The Need for Stucco Inspection
Stucco inspections have become more and more prevalent over the past couple of years. Why is this? The awareness of how serious a defective stucco installation can be, both financially and emotionally has caused many people to become more knowledgeable about the material being applied to their homes and commercial buildings. The damage to your checkbook to fix a stucco problem alone is enough to get your attention.
Stucco or what is referred to as traditional hard coat stucco or three coat stucco is an excellent cladding or finishing material for buildings. Installed correctly, stucco can last a long time with little maintenance. There are stucco buildings around the world that have stood the test of time and existed for hundreds of years.
Although the past three decades saw builders throwing up stucco housing developments with little to no oversight by anyone, including the township inspectors. We don’t see nearly as many problems on stucco homes that are forty years and older. Why is that? Well, there are a number of reasons for this dramatic change. One of the most significant reasons is that the oil embargo back in the seventies changed how we viewed energy consumption. Buildings were not built to be energy efficient back then. They were drafty which allowed them to dry out when they got wet. Another reason is that the building materials used back then were able to absorb, hold and release more moisture without growing mold then current building materials do. Last, but not least, the building paper we used back then was saturated with asphalt (petroleum based). When the price for oil began to increase, the manufactures’ took half the amount of asphalt out, and changed the labels from 30 lb. & 15 lb. felt to #30 felt and #15. Unfortunately, no one really noticed this change or realized the implications it would have on stucco buildings in particular.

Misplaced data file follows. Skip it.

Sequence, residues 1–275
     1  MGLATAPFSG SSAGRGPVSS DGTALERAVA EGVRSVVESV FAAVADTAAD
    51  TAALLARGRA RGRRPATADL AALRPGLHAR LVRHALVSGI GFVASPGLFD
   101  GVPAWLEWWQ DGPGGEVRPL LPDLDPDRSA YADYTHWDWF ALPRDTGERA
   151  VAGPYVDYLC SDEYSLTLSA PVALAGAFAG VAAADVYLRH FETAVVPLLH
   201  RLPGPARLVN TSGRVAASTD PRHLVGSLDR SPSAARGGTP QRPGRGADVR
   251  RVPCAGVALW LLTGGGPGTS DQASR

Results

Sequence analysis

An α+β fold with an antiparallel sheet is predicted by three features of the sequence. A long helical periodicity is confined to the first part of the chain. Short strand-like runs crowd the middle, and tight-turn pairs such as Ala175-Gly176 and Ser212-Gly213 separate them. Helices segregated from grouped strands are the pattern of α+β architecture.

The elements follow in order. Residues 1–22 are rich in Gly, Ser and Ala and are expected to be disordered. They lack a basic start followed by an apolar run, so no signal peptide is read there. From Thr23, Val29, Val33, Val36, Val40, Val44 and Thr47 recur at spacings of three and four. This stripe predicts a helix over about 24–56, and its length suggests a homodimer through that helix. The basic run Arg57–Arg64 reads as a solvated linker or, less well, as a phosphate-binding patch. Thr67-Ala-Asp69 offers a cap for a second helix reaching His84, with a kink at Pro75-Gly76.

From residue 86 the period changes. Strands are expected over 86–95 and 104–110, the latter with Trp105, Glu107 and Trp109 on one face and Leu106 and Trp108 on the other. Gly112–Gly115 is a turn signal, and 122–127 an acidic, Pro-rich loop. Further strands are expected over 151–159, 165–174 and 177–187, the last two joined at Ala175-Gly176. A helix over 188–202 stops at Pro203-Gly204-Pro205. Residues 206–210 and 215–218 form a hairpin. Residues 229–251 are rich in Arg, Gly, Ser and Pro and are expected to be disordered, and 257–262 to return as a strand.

Stucco is applied in three applications. The first coat is your scratch coat; the second is your brown coat and then comes your finish coat. Now, here is where stucco applicators get into trouble. The ASTM Standards and the building codes are very specific and require a certain amount of cure time between these applications. However, the problem starts often long before the stucco is even applied to the building. It starts with the improper installation of the sheathing that will hold the stucco. The building papers used to cover the sheathing are called WRB’s (water resistive barriers) and are another problem area. Then you have the issue of flashing. Much attention has been directed at the lack of flashing or the improper installation of the flashing. Without a doubt flashing is an issue. Stucco homes need to be able to dry without causing damage and the incorporation of a drainage plane is another key element. The key to this puzzle is the integration of all of these elements.
With all these avenues for stucco to be improperly installed on a building that you own or are considering purchasing it’s imperative that you use due diligence and have a stucco inspection performed by a certified stucco inspector. For more information about our professional stucco inspection, testing and repair services, call us at 610-642-6666